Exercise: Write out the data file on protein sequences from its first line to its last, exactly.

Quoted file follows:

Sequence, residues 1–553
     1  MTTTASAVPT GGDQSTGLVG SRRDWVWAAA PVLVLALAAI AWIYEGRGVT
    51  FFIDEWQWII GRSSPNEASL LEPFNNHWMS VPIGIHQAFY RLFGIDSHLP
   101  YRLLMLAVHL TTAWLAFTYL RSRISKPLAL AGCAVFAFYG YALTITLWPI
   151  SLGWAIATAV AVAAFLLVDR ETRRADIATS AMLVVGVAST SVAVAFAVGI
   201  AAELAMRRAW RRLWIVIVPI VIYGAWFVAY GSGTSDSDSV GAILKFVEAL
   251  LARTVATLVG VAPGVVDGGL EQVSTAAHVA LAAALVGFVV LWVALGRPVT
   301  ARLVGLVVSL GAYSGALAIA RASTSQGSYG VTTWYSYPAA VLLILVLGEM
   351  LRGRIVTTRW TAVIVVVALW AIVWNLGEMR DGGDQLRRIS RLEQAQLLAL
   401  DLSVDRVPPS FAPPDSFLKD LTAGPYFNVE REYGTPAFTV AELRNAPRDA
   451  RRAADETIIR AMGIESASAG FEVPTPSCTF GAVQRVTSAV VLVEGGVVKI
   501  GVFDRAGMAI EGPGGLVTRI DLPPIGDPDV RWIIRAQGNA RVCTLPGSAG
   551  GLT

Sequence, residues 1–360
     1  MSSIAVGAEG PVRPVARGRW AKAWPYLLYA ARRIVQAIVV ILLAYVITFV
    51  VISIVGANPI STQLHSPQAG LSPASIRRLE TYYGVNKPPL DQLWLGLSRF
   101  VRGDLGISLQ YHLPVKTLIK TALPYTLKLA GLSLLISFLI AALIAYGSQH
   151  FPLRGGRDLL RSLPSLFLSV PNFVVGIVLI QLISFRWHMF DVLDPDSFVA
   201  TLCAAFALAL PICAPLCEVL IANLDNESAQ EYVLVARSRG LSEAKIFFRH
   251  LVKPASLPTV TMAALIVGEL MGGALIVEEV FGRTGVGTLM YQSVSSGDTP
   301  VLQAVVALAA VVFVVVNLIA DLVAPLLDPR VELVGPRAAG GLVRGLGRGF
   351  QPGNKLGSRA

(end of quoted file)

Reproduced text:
Sequence, residues 1–553
     1  MTTTASAVPT GGDQSTGLVG SRRDWVWAAA PVLVLALAAI AWIYEGRGVT
    51  FFIDEWQWII GRSSPNEASL LEPFNNHWMS VPIGIHQAFY RLFGIDSHLP
   101  YRLLMLAVHL TTAWLAFTYL RSRISKPLAL AGCAVFAFYG YALTITLWPI
   151  SLGWAIATAV AVAAFLLVDR ETRRADIATS AMLVVGVAST SVAVAFAVGI
   201  AAELAMRRAW RRLWIVIVPI VIYGAWFVAY GSGTSDSDSV GAILKFVEAL
   251  LARTVATLVG VAPGVVDGGL EQVSTAAHVA LAAALVGFVV LWVALGRPVT
   301  ARLVGLVVSL GAYSGALAIA RASTSQGSYG VTTWYSYPAA VLLILVLGEM
   351  LRGRIVTTRW TAVIVVVALW AIVWNLGEMR DGGDQLRRIS RLEQAQLLAL
   401  DLSVDRVPPS FAPPDSFLKD LTAGPYFNVE REYGTPAFTV AELRNAPRDA
   451  RRAADETIIR AMGIESASAG FEVPTPSCTF GAVQRVTSAV VLVEGGVVKI
   501  GVFDRAGMAI EGPGGLVTRI DLPPIGDPDV RWIIRAQGNA RVCTLPGSAG
   551  GLT

Sequence, residues 1–360
     1  MSSIAVGAEG PVRPVARGRW AKAWPYLLYA ARRIVQAIVV ILLAYVITFV
    51  VISIVGANPI STQLHSPQAG LSPASIRRLE TYYGVNKPPL DQLWLGLSRF
   101  VRGDLGISLQ YHLPVKTLIK TALPYTLKLA GLSLLISFLI AALIAYGSQH
   151  FPLRGGRDLL RSLPSLFLSV PNFVVGIVLI QLISFRWHMF DVLDPDSFVA
   201  TLCAAFALAL PICAPLCEVL IANLDNESAQ EYVLVARSRG LSEAKIFFRH
   251  LVKPASLPTV TMAALIVGEL MGGALIVEEV FGRTGVGTLM YQSVSSGDTP
   301  VLQAVVALAA VVFVVVNLIA DLVAPLLDPR VELVGPRAAG GLVRGLGRGF
   351  QPGNKLGSRA